Analysis of the relationship between emotion intensity and electrophysiology parameters during a voice examination of opera singers
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Institute of Physiology and Pathology of Hearing, Kajetany, Poland (Audiology and Phoniatrics Clinic)
University of Silesia in Katowice, Katowice, Poland (Institute of Psychology)
Silesian University of Technology, Zabrze, Poland (Faculty of Biomedical Engineering, Department of Medical Informatics and Artificial Intelligence)
Online publication date: 2024-02-16
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Patrycja Romaniszyn-Kania   

Silesian University of Technology, Faculty of Biomedical Engineering, Department of Medical Informatics and Artificial Intelligence, Roosevelta 40, 41-800 Zabrze, Poland
Int J Occup Med Environ Health. 2024;37(1):84-97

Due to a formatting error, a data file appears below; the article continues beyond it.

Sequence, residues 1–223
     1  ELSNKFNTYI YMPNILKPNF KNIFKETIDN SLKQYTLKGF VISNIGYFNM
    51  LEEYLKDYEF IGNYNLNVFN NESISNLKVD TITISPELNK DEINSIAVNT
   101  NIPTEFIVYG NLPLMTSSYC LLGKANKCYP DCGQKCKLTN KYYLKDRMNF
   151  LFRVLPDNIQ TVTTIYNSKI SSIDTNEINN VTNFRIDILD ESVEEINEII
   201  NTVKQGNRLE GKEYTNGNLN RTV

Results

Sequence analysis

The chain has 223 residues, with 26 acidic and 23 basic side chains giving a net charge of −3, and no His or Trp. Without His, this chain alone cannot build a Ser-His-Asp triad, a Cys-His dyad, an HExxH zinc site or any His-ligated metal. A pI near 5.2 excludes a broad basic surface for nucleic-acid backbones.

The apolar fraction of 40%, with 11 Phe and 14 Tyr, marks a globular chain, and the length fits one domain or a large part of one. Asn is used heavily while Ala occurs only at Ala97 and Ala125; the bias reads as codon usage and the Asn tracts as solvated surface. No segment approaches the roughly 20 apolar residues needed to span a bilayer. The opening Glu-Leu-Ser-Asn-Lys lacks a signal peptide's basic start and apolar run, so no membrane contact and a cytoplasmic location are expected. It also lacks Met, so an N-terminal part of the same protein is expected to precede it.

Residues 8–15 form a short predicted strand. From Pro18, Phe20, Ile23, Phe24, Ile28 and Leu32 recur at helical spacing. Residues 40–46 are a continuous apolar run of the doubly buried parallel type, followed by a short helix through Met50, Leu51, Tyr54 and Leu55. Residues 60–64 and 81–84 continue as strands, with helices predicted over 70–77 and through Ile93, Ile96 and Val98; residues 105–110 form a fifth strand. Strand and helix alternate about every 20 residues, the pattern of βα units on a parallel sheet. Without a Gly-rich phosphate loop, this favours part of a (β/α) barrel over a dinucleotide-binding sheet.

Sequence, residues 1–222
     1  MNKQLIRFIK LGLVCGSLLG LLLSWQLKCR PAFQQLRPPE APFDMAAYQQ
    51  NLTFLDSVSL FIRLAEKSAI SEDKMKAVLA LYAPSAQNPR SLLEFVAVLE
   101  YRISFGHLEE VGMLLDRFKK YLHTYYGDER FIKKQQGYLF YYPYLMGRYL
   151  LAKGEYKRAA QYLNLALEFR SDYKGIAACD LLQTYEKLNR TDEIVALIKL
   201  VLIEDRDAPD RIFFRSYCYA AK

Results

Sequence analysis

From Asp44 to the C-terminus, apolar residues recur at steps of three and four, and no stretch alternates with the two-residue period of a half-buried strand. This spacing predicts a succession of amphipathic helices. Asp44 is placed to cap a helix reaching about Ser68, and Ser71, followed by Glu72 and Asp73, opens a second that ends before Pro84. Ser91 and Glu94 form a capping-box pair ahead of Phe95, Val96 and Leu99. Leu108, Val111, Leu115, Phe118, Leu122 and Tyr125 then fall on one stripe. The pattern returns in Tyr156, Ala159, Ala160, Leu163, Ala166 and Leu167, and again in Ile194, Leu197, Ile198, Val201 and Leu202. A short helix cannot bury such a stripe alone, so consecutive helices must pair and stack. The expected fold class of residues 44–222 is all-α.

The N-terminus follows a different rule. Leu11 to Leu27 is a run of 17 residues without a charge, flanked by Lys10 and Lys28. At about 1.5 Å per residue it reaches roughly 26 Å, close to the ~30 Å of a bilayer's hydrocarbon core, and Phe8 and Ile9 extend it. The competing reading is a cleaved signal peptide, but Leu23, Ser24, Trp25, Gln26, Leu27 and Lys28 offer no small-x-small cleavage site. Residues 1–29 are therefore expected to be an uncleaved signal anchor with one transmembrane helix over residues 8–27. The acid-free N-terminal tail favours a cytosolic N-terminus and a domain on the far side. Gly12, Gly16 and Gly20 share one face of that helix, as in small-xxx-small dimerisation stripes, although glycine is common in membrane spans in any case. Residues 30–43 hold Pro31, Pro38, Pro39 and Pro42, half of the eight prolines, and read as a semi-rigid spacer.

Objectives: Emotions and stress affect voice production. There are only a few reports in the literature on how changes in the autonomic nervous system affect voice production. The aim of this study was to examine emotions and measure stress reactions during a voice examination procedure, particularly changes in the muscles surrounding the larynx. Material and Methods: The study material included 50 healthy volunteers (26 voice workers – opera singers, 24 control subjects), all without vocal complaints. All subjects had good voice quality in a perceptual assessment. The research procedure consisted of 4 parts: an ear, nose, and throat (ENT)‑phoniatric examination, surface electromyography, recording physiological indicators (heart rate and skin resistance) using a wearable wristband, and a psychological profile based on questionnaires. Results: The results of the study demonstrated that there was a relationship between positive and negative emotions and stress reactions related to the voice examination procedure, as well as to the tone of the vocal tract muscles. There were significant correlations between measures describing the intensity of experienced emotions and vocal tract muscle maximum amplitude of the cricothyroid (CT) and sternocleidomastoid (SCM) muscles during phonation and non-phonation tasks. Subjects experiencing eustress (favorable stress response) had increased amplitude of submandibular and CT at rest and phonation. Subjects with high levels of negative emotions, revealed positive correlations with SCMmax during the glissando. The perception of positive and negative emotions caused different responses not only in the vocal tract but also in the vegetative system. Correlations were found between emotions and physiological parameters, most markedly in heart rate variability. A higher incidence of extreme emotions was observed in the professional group. Conclusions: The activity of the vocal tract muscles depends on the type and intensity of the emotions and stress reactions. The perception of positive and negative emotions causes different responses in the vegetative system and the vocal tract. Int J Occup Med Environ Health. 2024;37(1):84–97
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